In mid-March of this year, the attack surface suddenly increased in size. From that moment on, a large proportion of the world’s population have been working from home, outside the company network. Some of them have even been using their personal computers. All these factors increase IT systems’ exposure to multiple cyberthreats, since IT teams have less control compared to when the entire staff is working in the office.
Another aspect that significantly increases the attack surface is caused by vulnerabilities found in applications and operating systems. An endpoint exposed to one or more vulnerabilities can be the perfect gateway for a cybercriminal to make their way onto your corporate network.
Managing vulnerabilities and their corresponding patches is a complex task at the best of times. However, now that remote work has become so widespread, it is clear that applying critical updates is, for many organizations, more difficult than ever.
The latest vulnerabilities
Vulnerability management is a complex task, in part because of how many new vulnerabilities are discovered every day; last year, 12,147 vulnerabilities were discovered, an average of 33 a day. Among the latest vulnerabilities discovered this year we can highlight the following:
- CVE-2020-0609. This vulnerability exists in Windows Remote Desktop Gateway (RD Gate) It a remote code execution vulnerability, and it exists when an unauthenticated attacker connects to the victim’s system via RDP. The vulnerability requires no user interaction, and if exploited successfully, the attacker could arbitrarily execute/inject code into the system.
This vulnerability is particularly critical these days, since millions of remote workers are using remote desktop connections to work from home.
- CVE-2020-0674. This vulnerability affects how the scripting engine handles objects in memory in Internet Explorer. If an attacker successfully exploits this vulnerability, they could obtain the same permissions as a legitimate user. With these permissions, it would be possible to install applications; view, edit, or delete data; or create new accounts with full user permissions.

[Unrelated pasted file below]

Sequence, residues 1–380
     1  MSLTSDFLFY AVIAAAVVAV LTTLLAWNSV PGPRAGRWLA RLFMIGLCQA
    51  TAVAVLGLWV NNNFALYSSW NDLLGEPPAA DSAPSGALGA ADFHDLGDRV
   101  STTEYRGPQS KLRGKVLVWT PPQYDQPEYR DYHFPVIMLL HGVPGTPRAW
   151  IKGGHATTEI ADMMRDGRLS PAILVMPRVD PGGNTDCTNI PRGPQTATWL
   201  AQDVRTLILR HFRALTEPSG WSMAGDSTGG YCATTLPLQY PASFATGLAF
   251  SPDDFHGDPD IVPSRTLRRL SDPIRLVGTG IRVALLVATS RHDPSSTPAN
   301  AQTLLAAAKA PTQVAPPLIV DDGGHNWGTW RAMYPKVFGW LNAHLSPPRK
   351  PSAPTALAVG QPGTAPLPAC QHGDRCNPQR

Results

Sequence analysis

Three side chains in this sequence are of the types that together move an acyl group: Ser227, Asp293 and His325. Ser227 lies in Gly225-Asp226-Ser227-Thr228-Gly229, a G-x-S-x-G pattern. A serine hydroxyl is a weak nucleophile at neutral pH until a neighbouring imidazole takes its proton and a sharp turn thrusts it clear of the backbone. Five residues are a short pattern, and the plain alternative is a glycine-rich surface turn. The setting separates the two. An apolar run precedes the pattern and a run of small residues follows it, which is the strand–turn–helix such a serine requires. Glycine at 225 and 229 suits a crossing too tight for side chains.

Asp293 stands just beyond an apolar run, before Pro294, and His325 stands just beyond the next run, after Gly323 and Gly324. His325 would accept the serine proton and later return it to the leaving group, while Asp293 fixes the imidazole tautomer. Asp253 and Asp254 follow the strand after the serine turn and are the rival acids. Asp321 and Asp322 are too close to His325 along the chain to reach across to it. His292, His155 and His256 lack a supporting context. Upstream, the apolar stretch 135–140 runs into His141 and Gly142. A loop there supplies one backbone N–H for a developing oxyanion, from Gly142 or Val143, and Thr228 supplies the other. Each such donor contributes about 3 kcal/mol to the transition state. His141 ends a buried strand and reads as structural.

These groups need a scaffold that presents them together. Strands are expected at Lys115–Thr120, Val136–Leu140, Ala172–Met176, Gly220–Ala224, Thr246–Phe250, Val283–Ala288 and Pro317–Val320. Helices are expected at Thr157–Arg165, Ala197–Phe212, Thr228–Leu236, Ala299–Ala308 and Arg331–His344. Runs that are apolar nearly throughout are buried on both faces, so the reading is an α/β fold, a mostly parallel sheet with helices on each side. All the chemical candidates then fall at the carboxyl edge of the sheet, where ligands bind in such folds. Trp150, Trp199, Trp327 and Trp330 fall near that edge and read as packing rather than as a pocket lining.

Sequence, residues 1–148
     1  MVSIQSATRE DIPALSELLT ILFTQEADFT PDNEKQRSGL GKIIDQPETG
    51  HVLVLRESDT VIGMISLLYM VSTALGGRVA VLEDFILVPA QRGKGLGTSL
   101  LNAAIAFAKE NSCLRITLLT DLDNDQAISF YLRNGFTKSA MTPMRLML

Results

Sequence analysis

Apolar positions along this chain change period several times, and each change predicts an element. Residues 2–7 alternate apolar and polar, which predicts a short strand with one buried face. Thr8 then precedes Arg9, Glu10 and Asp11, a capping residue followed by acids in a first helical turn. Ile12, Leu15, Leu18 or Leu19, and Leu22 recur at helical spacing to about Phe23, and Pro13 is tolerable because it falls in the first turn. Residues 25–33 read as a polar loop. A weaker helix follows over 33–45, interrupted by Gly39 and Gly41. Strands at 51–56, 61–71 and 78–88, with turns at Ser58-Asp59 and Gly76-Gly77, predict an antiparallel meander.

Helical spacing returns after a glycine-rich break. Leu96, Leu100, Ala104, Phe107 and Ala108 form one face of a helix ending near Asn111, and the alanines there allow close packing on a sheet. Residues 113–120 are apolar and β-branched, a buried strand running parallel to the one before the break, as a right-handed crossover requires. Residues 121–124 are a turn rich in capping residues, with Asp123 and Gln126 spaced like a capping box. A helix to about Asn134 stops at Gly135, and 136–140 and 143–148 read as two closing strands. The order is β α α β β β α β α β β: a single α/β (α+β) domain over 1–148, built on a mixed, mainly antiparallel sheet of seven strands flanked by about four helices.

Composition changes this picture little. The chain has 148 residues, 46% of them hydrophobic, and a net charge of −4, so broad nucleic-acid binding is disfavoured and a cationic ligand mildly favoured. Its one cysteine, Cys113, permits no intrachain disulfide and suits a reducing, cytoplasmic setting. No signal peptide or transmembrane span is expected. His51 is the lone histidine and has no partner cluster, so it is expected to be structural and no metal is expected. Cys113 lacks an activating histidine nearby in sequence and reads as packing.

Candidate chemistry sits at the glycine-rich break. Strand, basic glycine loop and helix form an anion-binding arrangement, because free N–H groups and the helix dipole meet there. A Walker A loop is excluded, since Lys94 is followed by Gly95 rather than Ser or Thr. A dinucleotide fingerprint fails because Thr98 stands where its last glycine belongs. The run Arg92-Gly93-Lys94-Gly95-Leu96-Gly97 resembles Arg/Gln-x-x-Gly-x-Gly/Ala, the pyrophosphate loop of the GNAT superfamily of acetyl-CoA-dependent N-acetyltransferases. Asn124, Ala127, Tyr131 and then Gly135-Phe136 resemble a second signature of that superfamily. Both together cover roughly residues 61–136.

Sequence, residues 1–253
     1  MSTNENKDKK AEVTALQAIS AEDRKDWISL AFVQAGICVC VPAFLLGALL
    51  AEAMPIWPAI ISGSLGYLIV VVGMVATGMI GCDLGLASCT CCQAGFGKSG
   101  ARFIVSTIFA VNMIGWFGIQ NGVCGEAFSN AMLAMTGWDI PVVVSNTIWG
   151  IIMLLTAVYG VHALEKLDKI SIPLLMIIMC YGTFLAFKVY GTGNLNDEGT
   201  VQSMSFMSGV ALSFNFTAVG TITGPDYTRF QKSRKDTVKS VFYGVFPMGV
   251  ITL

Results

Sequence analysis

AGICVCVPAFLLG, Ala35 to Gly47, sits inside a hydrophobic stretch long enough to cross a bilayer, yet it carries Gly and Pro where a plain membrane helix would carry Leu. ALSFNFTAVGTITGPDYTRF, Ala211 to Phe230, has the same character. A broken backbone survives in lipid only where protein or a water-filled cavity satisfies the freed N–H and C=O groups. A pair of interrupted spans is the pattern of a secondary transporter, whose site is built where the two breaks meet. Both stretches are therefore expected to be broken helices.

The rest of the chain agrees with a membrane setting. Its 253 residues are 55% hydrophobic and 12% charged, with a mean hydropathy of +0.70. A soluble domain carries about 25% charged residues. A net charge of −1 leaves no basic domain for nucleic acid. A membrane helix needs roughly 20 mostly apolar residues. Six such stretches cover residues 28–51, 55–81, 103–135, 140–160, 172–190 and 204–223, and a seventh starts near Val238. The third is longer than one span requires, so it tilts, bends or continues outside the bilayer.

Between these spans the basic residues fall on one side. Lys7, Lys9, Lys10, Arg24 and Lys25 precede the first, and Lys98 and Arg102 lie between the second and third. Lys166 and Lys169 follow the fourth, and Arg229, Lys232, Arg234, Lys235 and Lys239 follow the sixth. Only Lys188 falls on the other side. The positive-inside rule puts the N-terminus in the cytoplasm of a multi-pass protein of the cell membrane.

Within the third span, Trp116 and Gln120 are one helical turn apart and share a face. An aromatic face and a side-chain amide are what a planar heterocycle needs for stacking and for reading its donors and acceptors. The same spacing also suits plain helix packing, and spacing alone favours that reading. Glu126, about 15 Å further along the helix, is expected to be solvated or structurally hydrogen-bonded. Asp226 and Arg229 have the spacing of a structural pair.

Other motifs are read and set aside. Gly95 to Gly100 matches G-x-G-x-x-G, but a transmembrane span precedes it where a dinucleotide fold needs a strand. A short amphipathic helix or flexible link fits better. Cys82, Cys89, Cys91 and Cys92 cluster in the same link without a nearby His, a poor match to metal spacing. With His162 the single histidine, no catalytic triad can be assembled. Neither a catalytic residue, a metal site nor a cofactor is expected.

- CVE-2020-0604. This is another remote code execution vulnerability, and is also in a tool that is extremely useful for remote work: Microsoft SharePoint. If an attacker successfully exploits this vulnerability, they can execute arbitrary code in the SharePoint application pool, as well as in the SharePoint server farm.
As well as these recent vulnerabilities, the world’s IT systems have been dealing with many other vulnerabilities that have been known for some time. What’s more, these vulnerabilities have caused some of the most notorious cybersecurity incidents in recent years.
- EternalBlue. This vulnerability has caused many cybersecurity problems. This vulnerability exists in Microsoft Server Message Block (SMB), and was allegedly developed by the NSA (National Security Agency). Among the cyberattacks that have exploited this vulnerability are WannaCry, NotPetya, and Adylkuzz. Microsoft released a patch for this vulnerability two months before the WannaCry attacks.
- CVE-2017-5638. This vulnerability in the software Apache Struts has caused several incidents. On the one hand, it was used to launch the ransomware Cerber. On the other hand, it was behind the Equifax data breach, in which the personal data of around 143,000,000 people was stolen. Two years after this incident, the company’s security flaws are still taking their toll. A patch was available to fix this vulnerability two months before the breach.
Why aren’t these vulnerabilities patched?
Regardless of how critical they are, patches tend to be a nuisance for IT administrators: prioritizing and rolling out updates is a costly task; not only are there many updates to install, but installing them often means investing time in restarting computers and servers, interrupting the workflow.
What is the solution to these problems?
Given how important patches are and how many cybersecurity issues they can resolve, what can be done to streamline the process of applying/deploying them? At Panda Security, we have the solution make the complex patch management life cycle for operating systems and third-party software.
Panda Patch Management does not require any new agents or management consoles, since it is fully integrated into Panda Security’s endpoint security solutions. It provides real-time centralized visibility into vulnerabilities, patches, pending updates, and unsupported or EoL software. What’s more, these capabilities cover devices both inside and outside the corporate network, making it easier to update the endpoints of remote workers, which is essential at the moment.
To help with this process, we’ve prepared a whitepaper in which we explain the complex patch management life cycle, from its purpose, identifying vulnerable assets, to deploying patches. Download the whitepaper here: